However it also works exbemly well as a chilling commentary on the modem phenomenon of social media. There has been a number of films and books that have tried to tie horror and social media together, most have been unsuccessful. Mainly because the social media aspect has been tacked on in a vain attempt to keep a dying franchise going on for one more pitiful episode.
Panic Button succeeds because the social media aspect is integral to the story. Character wise you could argue that the people trapped on the plane are well worn clichés . You have the party wild boy, the nerdy computer geek, the innocent virginal girl, and the single mother with problems, yet the strength of characterisation is so good it makes each of these characters seem fresh and folly formed.
This is an extremely good novel, that works wonders with the locked room horror novel. I highly recommend reading this book, after wich you really should go and see the film as well
HAVE YOU READ THE TERMS AND CONDITIONS? Four young people win a trip of a lifetime to New York, courtesy of their favourite social-networking website – All2gethr.com. On board the private jet, they are invited to take part in the in-flight entertainment – a new online gaming experience. But this is no ordinary game. Trapped at 30,000 feet and forced to play for their lives and the lives of their loved ones by their mysterious captor, they are about to learn that putting your life on-line can have deadly offline consequences… In PANIC BUTTON, Frazer Lee explores timely fears about online privacy and security, cyber bullying and identity theft. Based upon the screenplay of the film praised as “The Social Network of shocks” by Film4 FrightFest’s Alan Jones, this taut thriller holds a mirror up to our plugged-in society and compels us to peer behind the online personas that hide our true selves. "THE SOCIAL NETWORK OF SHOCKS. A CHILLER SO TIMELY, GRIPPING AND SMART" Film4 Frightfest "A GRIPPING PSYCHOLOGICAL NIGHTMARE. NAIL-BITINGLY TERRIFYING" Abertoir Film Festival "BRITISH HORROR AT ITS BLOODY BEST" Sky Movies "THE BEST BRITISH HORROR IN YEARS" Aint It Cool News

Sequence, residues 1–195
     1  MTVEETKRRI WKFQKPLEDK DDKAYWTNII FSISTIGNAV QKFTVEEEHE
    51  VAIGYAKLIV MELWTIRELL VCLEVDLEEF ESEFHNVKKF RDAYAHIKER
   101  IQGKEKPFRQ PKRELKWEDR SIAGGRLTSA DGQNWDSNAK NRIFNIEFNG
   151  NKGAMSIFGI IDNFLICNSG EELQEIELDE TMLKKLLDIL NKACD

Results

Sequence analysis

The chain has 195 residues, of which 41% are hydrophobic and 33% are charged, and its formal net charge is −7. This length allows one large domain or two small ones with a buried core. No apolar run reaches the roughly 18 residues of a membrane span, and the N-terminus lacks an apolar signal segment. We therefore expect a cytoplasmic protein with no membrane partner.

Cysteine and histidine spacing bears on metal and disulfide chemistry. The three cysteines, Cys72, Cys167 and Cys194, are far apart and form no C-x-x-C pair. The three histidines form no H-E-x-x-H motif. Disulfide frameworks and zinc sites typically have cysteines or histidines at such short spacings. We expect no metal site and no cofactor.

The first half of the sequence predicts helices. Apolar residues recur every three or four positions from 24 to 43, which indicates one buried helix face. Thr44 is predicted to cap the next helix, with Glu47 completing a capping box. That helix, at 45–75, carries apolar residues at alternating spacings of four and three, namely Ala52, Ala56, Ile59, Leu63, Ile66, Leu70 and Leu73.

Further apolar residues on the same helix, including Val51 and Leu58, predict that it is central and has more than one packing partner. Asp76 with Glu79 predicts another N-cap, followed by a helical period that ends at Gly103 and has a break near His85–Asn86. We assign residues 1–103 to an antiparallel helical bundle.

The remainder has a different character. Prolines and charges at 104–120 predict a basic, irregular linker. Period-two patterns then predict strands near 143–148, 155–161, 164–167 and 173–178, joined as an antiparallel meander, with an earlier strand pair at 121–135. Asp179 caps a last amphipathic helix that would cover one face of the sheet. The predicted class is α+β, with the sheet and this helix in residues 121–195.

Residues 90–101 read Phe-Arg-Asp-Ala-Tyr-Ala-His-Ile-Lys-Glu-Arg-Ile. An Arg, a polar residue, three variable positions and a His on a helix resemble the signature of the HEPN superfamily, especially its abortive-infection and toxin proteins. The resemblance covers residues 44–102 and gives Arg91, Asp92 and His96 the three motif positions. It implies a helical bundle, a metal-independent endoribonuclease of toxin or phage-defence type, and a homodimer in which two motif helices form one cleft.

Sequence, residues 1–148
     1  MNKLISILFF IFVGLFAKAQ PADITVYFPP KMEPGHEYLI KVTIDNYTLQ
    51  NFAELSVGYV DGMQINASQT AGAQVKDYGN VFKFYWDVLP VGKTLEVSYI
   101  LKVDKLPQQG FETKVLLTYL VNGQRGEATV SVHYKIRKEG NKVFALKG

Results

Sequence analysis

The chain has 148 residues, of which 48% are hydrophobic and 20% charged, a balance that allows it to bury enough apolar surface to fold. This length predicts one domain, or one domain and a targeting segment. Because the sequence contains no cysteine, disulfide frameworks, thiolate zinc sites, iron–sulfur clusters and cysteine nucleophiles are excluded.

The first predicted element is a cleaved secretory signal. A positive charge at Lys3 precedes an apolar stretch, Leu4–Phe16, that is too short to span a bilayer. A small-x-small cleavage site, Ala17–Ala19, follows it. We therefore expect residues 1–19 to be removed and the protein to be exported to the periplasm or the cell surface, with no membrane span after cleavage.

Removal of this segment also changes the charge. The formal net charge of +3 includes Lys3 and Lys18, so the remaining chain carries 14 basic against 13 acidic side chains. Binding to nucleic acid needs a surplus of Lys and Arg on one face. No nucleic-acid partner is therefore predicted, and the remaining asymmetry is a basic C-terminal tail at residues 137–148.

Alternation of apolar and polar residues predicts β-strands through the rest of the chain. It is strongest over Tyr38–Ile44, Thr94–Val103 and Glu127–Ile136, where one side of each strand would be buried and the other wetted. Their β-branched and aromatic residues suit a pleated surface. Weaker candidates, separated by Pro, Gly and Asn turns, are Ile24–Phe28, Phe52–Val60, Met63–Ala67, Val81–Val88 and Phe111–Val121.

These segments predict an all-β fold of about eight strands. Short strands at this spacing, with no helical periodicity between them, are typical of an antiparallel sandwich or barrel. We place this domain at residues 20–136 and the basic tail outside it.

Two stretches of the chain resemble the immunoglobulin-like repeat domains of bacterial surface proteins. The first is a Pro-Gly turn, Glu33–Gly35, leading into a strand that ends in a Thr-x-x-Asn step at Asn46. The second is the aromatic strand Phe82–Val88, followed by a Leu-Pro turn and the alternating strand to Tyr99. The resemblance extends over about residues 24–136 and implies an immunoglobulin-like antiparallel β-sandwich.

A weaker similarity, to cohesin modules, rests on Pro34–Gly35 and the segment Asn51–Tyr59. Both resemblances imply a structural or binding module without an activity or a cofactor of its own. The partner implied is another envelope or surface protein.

Twenty years ago three young boys staggered out of an old building, tired and dirty yet otherwise unharmed. Missing for a weekend, the boys had no idea of where they'd been. But they all shared the same vague memory of a shadowed woodland grove…and they swore they'd been gone for only an hour. When Simon returns to the Concrete Grove to see his old friends and unearth painful memories from his childhood, things once buried begin to claw their way back to the surface. The hummingbirds are flying again, bringing a warning of something terrible. Bad dreams take on physical form and walk the streets of the estate. A dark, hideously patient entity is calling once again from the shadows, reaching out towards three terrified boys who have now grown into emotionally damaged men. And the past is about to catch up with them all, staining their lives with a darkness they could never truly escape. Welcome back to the Concrete Grove. The place you can never really leave...
Silent Voices is the second part of Gary McMahon's loosely teird together Concrete Grove Trilogy. Those of you who are familiar with my blog will know that Gary is held in the highest regard here at Ginger Nut Central, and The Concrete Grove, was one of, if not my favourite read of last year. Those of you not familiar with Gary's writing, you really are missing out on one the best horror writers of our generation. His novels and short stories are never easy reads, they will grab your heart mind and soul and proceed to kick seven shades of hell out of them. When you turn the last page of a McMahon novel, you may well be battered and bruised but you will also realise that you have just read a damn fine piece of fiction.
Silent Voices, reads like an extremely personal novel Gary has written some very moving passages on childhood friendship, parents and the feelings of regret, loss and what if. Linking these themes together is a brilliantly plotted story that combines terrific other worldly horror with that of the horror of modern life. The Concrete Grove and the area is a wonderful creation, I love how the horror and despair of the town has been ingrained in the lives of those who populate the area. it almost feels as though the citizens themselves have been possessed by the evil and transformed in soulless demons prowling the streets praying on the helpless and feeding on their misery.
The three main characters of this novel are all brilliant creations, they are so well formed you begin to wonder which is based on Gary and who exactly Gary based the other two on. They are all deeply flawed, the psychological scars they carry run deep, and have shaped their lives ever since that fateful night. From Simon the ultra successful business man scared of emotional commitment, to Marty the bare knuckle fighter, who is determined to turn his body and mind into an unfeeling thing of iron.